Digitize This, by Marlene Bruce



Monterey Bay Aquarium

January 18, 2003

Monterey Bay, California, is only two hours south of Mountain View (where I live as of this writing). It's where John Denver died, after the experimental plane he was flying crashed into the Bay (bad interface design killed John Denver).

Rash and I drove down to see the Monterey Bay Aquarium, situated at the end of Cannery Row which itself was made famous by John Steinbeck. I liked this aquarium better than Baltimore's National Aquarium, though it's been years since I've seen the latter. I'll have to do a comparison when I'm back on the East Coast.

We spent most of the day looking at marine life, including the awesome special exhibit of Jellies: Living Art (we broke only for lunch at The Fish Hopper ... good service, but the food was mediocre and overpriced). I think I could have easily spent three days at the Aquarium and not have gotten bored.

There's a lot I didn't photograph: marine birds, octopi and squid, otters, penguins, the splash zone (for kids), the petting pools, most of the artwork, and more. Here's what I managed to record:


The Kelp Forest is a huge 335,000 gallon two-story tank filled with Giant Kelp and others, and marine life. I think that's a Soupfin Shark in the porthole (comparison). Blue Rockfish swim on the edge of the kelp forest and feed off jellies and plankton. "Groves of waving kelp form a sheltered, sun-dappled forest." Waving indeed; it was hypnotic and I could have watched it all day. The tank seemed to be gently breathing. [more]

Like anchovies on your pizza? Either way, the Anchovy Cylinder (left) is fun to watch. At the other end of the Aquarium there's also the Anchovy Ring (center and right). In both, anchovy schools swim in an endless circle.

Alaskan and Spiny King Crabs (left) live on the sea floor, 500-2,400 feet. In the enlarged photo the Spiny King Crab is in front. The Predatory Tunicate (second from left) is reminiscent of a Venus Flytrap. "Predatory tunicates are simultaneous hermaphrodites—each animal produces both eggs and sperm." [more] Sand Dollars (center) fill this cool convex aquarium. They can live to be 50 years old. Next is the amazing Leafy Sea Dragon, a relative of the Seahorse. Dragons are perfectly camouflaged against seaweeds and sea grasses [more]. I'm guessing that the last photo is a clump of Upside-Down Jellies. "Upside down jellies don’t have a central mouth—instead the edges of its eight oral-arms are fused and folded into elaborate frills containing hundreds of tiny mouth openings." [more]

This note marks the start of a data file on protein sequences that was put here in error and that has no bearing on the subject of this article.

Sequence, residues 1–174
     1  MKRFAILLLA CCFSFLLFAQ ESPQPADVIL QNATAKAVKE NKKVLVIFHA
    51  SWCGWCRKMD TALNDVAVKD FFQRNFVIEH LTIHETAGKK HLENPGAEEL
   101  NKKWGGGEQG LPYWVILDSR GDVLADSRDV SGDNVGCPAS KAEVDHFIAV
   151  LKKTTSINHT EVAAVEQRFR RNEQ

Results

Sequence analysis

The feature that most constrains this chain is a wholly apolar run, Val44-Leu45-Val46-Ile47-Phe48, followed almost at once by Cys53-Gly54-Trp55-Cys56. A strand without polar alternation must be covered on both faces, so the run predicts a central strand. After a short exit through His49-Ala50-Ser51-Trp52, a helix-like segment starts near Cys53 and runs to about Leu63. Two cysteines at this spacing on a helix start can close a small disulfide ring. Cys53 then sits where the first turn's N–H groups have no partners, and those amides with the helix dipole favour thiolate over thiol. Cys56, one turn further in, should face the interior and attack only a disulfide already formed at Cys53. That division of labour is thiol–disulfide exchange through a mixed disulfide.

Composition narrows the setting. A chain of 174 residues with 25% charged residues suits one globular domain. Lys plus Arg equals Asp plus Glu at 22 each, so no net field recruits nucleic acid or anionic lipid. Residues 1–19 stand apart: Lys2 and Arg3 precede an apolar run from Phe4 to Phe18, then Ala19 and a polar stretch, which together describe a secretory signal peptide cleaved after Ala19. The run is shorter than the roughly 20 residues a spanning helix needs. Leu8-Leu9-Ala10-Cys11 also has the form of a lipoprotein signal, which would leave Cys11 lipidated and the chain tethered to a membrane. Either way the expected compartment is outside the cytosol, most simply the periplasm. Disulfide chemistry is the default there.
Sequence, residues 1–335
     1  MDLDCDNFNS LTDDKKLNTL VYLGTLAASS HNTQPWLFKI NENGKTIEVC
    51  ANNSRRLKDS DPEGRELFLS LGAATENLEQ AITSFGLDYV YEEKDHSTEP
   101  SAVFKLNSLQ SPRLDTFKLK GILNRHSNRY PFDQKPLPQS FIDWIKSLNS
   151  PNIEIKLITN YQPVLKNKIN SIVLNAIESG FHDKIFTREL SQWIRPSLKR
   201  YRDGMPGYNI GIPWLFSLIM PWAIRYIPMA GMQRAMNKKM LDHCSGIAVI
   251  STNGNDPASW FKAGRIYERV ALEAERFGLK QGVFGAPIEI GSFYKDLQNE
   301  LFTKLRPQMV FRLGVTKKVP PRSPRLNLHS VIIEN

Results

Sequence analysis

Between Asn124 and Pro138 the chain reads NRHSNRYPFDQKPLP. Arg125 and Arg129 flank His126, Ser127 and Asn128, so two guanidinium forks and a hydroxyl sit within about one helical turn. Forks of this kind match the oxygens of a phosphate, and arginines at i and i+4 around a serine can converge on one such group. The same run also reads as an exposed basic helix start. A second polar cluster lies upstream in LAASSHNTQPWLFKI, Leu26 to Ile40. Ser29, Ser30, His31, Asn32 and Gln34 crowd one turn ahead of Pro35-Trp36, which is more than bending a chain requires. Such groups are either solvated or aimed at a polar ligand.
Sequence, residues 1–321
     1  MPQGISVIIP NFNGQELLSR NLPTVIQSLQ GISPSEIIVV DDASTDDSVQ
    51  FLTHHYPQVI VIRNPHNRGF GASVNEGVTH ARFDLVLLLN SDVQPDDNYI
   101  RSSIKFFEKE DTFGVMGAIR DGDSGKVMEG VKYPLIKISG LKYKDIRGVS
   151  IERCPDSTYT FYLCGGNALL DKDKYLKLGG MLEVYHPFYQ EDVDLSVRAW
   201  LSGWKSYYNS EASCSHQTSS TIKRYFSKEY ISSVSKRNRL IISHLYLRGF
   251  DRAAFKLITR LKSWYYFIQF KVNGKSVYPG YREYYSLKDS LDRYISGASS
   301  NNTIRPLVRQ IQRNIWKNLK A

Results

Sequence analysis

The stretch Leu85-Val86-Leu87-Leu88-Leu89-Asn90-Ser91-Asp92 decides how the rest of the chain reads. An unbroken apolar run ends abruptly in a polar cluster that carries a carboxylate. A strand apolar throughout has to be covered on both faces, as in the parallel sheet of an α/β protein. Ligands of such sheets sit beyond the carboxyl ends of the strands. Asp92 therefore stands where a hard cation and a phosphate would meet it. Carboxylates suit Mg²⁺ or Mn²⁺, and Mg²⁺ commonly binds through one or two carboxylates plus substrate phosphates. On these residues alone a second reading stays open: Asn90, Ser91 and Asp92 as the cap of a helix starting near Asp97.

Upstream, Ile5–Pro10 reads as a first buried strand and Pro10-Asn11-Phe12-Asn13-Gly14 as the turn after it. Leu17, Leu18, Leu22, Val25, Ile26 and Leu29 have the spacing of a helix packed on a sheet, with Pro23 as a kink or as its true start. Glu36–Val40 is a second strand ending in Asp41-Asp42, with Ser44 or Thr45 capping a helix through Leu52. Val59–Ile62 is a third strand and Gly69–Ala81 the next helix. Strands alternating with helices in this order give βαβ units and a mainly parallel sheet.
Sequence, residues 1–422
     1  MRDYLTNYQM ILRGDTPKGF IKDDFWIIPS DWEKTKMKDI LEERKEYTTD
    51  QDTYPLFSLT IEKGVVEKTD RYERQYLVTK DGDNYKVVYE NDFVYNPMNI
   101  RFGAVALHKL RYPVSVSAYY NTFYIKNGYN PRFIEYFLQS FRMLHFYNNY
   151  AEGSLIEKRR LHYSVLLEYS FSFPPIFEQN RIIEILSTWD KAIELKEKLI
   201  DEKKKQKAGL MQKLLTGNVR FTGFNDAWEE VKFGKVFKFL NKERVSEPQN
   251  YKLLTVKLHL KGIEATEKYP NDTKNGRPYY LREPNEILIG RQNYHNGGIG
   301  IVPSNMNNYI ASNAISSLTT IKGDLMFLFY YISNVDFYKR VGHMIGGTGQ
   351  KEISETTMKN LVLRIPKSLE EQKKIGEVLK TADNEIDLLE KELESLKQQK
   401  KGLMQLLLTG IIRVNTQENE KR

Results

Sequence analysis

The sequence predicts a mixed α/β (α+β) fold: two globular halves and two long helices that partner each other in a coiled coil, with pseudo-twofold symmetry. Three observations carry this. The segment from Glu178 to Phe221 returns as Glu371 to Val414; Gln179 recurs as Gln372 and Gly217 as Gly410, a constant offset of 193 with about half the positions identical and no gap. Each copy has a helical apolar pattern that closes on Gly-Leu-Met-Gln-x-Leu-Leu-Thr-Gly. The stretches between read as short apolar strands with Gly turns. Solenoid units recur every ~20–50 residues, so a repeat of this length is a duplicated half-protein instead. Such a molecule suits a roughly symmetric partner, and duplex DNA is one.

Anemone environments
- Anemones are tentacled sea creatures with tube-like bodies sometimes anchored up to two feet in the sand (if they're the borrowing kind). Some anemones live 100 years or more. They are home to many types of anemone fish, and stun prey with their tentacles (anemone fish have a protective mucous to shield them from stings). The sea star (aka starfish) in the fourth photo may be a Bat Star, which eats plants and animals, dead or alive. The anemone below it seems to be feeding, its tentacles withdrawn. Be sure to notice the many-armed sea-star in the last image. (Second photo by Rash)

The Mushroom Soft Coral (left) "takes on two very different shapes. When closed up tight, it looks like a mushroom. But with tentacles outstretched to feed, it looks more like a flower." [more] The other corals and barnacles shown are living creatures which help build reef environments and stud the Monterey Canyon walls.

This tank of Black Sea Nettles was especially striking, for the abundant large orange jellies floating in the blue lozenge, their cloudy arms and long tentacles streaming behind. "The black sea nettle is considered a giant jelly; its distinctive purplish bell [purplish? ... maybe the Aquarium's lighting brings out the orange] can reach over three feet in diameter, its lacy, pinkish oral arms can reach nearly 20 feet in length and its stinging tentacles 25 feet or more." [more]

The Aquarium currently houses two great walls of Moon Jellies (left), gently drifting. Also known as Saucer Jellies, they have a very short fringe of tentacles. Next, the Lions Mane Jelly (I could be wrong about this classification) is a giant jelly, with a bell as large as 8 feet and tentacles 100 feet or more. Unfortunately, I can't find a reference for the third photo, a white and red jelly. The Spotted Jelly (right) have many small mouth openings on their oral arms. Some of the larger spotted jellies—up to 2 feet in diameter—actually have small fish living inside the bell.

I think most of these are Comb Jellies. "As they swim, the comb rows diffract light to produce a shimmering, rainbow effect." The little comb hairs are visible in the fourth photo, but the first three are the most interesting for the undulating neon rainbow effect they produce under the Aquarium's lighting. Some other jellies are bioluminescent, but not these. [more]

Fish from the outer Bay - This blue lozenge of unidentified (by me) fish was striking. The second fish is either a Yellowfin or Pacific Bluefin Tuna, one of the fastest fish in the sea at up to 40 miles per hour.

Here's a view of the Monterey Bay through the Aquarium windows. Models of a Gray Whale and Common Dolphins (among other marine mammals) hang from the Aquarium's ceiling.

In addition to fish, birds, marine mammals and the like, the Aquarium also offered marine-inspired artwork. Left is glass work by the famous Dale Chihuly [more]. Center is a sea form entirely covered with beads (artist unrecorded by me). At right is detail from a ceiling sculpture hanging in one of the gift shops. The metal fish have an eye-catching iridescent coating. Not shown here was a wall in a dark nook (across from the Chihuly shown) which displayed two score Lava Lites, slowly bubbling away. Also, plates by Ernst Haeckel, Tesla-coil art by Cork Marcheschi, and other artists were exhibited.